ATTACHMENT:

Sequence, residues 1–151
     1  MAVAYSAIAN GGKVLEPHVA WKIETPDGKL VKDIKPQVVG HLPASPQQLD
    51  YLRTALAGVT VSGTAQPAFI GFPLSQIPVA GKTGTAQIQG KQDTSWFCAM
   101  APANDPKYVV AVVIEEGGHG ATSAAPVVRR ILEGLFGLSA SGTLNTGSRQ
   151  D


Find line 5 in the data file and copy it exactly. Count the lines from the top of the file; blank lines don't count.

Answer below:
   151  D